Archive for September, 2014

How to resolve the users “disabled” issue?

First of all, let’s clarify this up front! There’s no such thing as disabling and enabling users in SQL Server. If you keep on communicating to other professional SQL Server DBAs that you wish to disable or enable a user, we will put you in the “ESPN C’MON MAN!” segment because you had fumbled in the 1 yard line without anyone tackling you. Make no mistake about it. There’s disabling and enabling logins. But, there’s no such thing as disabling and enabling users! What if you see the user has the “Red Down” arrow? Do not Google too much on this topic or else some of the forums will tell you to remove the user and then create it again! Don’t do it. The following will describe the symptom and the remediation.

If you see the user with the “Red Down” arrow like the following screen-shot, the most likely cause is that someone had revoked the “CONNECT” privilege from the user or someone had just performed the following steps: 1) created a login from Windows, 2) created the user in the corresponding database, 3) then added the user to a database role. In both cases, the “CONNECT” privilege is missing.
User CONNECT Permission Revoked

To reproduce this, you can use the following steps:
1. Create the test login.

-- Create Login
USE [master];
CREATE LOGIN [Billy] WITH PASSWORD=N'Bob', 
DEFAULT_DATABASE=[master], 
DEFAULT_LANGUAGE=[us_english], 
CHECK_EXPIRATION=OFF, CHECK_POLICY=OFF; -- this is for demo only

2. Create the test user.

USE [AdventureWorks2012];
CREATE USER [Billy];

3. Add the user to a database role. Note: for SQL Server Logins, you will not experience the “CONNECT” not granted issue as in the case for Windows Logins.

USE [AdventureWorks2012];
EXEC SP_ADDROLEMEMBER 'db_datareader', 'Billy'

4. Revoke the “CONNECT” privilege from the user. Note: you need to use [] around the user as in [Billy]. You will then see the user “disabled” with the “Red Down” arrow next to it.

USE [AdventureWorks2012];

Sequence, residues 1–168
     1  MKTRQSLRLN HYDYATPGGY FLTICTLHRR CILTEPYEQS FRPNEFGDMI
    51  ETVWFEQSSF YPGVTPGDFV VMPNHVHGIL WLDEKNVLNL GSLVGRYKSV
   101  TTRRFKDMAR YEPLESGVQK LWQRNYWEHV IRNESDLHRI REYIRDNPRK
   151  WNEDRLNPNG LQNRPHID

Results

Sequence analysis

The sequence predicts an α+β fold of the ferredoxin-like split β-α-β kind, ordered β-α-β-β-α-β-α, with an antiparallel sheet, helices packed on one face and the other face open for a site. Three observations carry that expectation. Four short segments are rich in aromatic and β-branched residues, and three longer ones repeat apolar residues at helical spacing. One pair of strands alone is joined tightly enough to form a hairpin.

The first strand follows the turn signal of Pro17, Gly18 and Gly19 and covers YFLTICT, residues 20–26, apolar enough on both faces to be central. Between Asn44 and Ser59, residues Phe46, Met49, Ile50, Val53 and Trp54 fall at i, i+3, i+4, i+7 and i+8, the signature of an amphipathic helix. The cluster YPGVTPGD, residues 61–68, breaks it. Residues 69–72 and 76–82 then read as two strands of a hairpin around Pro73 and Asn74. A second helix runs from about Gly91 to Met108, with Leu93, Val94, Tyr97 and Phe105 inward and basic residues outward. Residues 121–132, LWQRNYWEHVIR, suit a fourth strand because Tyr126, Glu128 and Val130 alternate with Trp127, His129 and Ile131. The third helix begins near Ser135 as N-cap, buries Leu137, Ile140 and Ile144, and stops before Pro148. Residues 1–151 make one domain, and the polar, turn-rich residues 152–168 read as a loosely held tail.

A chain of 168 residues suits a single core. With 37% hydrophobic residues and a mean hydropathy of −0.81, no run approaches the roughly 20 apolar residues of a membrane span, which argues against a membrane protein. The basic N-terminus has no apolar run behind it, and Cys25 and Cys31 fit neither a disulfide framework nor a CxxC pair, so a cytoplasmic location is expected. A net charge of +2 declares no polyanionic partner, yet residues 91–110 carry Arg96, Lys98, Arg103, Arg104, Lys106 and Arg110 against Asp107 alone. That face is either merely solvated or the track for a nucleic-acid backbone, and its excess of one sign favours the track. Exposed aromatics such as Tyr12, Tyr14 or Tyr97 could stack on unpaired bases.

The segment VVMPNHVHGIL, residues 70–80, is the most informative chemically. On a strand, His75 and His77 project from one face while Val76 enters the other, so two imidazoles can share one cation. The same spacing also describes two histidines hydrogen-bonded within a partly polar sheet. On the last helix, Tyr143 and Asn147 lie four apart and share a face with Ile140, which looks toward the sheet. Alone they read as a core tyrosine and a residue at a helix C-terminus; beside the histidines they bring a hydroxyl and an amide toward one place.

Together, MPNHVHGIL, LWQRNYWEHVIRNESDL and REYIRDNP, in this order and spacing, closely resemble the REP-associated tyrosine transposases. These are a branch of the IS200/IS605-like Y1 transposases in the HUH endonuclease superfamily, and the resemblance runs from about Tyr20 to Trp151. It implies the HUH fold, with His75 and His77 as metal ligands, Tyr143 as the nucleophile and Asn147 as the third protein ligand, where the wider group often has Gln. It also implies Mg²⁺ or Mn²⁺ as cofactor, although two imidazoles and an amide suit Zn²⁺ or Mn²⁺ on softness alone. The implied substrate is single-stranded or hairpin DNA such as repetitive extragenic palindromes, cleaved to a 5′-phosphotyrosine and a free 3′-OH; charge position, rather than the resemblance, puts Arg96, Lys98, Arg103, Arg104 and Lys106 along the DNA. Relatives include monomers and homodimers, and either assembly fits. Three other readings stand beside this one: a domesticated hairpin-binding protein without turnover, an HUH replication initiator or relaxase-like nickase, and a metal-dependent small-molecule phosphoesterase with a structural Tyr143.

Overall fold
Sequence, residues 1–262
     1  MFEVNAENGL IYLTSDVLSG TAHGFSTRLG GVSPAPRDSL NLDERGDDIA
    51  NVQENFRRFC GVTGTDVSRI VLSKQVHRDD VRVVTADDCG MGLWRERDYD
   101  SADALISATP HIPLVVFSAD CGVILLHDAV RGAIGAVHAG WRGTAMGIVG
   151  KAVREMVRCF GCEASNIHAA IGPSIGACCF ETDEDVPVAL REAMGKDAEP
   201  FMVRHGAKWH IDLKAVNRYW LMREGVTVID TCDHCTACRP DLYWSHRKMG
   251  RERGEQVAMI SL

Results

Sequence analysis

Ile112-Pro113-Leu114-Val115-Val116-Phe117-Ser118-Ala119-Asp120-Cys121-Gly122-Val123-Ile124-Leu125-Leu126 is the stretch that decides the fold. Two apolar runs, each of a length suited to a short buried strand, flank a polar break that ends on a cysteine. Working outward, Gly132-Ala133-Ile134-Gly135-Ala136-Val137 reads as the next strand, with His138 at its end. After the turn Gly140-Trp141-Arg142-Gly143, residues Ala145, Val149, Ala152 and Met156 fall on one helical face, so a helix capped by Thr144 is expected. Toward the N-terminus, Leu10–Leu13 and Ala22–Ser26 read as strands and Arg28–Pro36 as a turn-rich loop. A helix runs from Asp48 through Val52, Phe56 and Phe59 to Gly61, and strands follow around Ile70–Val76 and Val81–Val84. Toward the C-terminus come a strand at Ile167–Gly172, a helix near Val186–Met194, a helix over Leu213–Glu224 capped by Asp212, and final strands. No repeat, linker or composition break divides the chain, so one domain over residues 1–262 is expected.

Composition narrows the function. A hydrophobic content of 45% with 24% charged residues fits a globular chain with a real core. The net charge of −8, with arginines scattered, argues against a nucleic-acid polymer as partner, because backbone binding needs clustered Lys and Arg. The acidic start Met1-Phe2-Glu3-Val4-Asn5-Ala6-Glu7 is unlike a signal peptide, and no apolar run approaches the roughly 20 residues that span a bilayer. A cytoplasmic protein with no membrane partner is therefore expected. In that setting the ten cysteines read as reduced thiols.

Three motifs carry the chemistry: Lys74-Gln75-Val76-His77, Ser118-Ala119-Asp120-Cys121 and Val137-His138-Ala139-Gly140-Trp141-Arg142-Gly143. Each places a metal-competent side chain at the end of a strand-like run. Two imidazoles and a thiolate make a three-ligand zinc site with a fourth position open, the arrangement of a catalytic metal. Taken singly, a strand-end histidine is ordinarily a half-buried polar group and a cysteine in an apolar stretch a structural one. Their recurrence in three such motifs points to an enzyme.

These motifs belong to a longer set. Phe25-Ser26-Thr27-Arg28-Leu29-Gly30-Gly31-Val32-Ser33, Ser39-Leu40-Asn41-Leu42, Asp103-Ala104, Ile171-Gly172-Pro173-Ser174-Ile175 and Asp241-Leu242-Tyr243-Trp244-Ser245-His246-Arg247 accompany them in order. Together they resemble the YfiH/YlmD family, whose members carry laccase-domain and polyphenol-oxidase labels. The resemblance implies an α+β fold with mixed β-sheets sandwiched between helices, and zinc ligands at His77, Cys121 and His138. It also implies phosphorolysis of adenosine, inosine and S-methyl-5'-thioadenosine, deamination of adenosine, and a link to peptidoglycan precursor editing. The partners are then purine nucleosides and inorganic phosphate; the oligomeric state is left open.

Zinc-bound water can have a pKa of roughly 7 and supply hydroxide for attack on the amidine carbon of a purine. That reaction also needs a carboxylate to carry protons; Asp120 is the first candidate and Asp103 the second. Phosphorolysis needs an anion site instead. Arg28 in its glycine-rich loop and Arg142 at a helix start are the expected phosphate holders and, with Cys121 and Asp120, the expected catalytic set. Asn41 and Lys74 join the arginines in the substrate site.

REVOKE CONNECT FROM [Billy];

Solution:
To resolve this issue, you will just need to grant the “CONNECT” privilege to the user. Yes. That’s all she wrote!

USE [AdventureWorks2012];
GRANT CONNECT TO [Billy];

To confirm the user has access:

-- To confirm the user has access to the database
USE [AdventureWorks2012];
SELECT name, 
	hasdbaccess
FROM sys.sysusers 
WHERE name = 'Billy'

How to Send the Output of a Stored Proc in CSV Format Using Database Mail?

You have been presented with a unique and interesting challenge. The company you work for wishes to see an automated report every Monday morning at 9am based on a query result in CSV format. It does not have Reporting Services installed. We all know that we can use Database Mail to send out html reports or send out alerts. Can we send out report in CSV format? Yes we can! Here’s what you need and how.

While there are no extra software programs or components required to accomplish this task, you do need to have Database Mail and xp_cmdshell enable. In addition, you need to create a folder as the repository for the CSV files to be generated. If you have not enabled Database Mail or do not have an email account handy, see my blog on “How to setup database mail using a gmail account?

Here’s an overview of the steps required:
1. Enable Database Mail if not already done.
2. Enable xp_cmdshell if not already enabled.
3. Create the stored proc for the report you wish to get automated and scheduled to run.
4. Create the folder as the repository for the CSV files to be generated.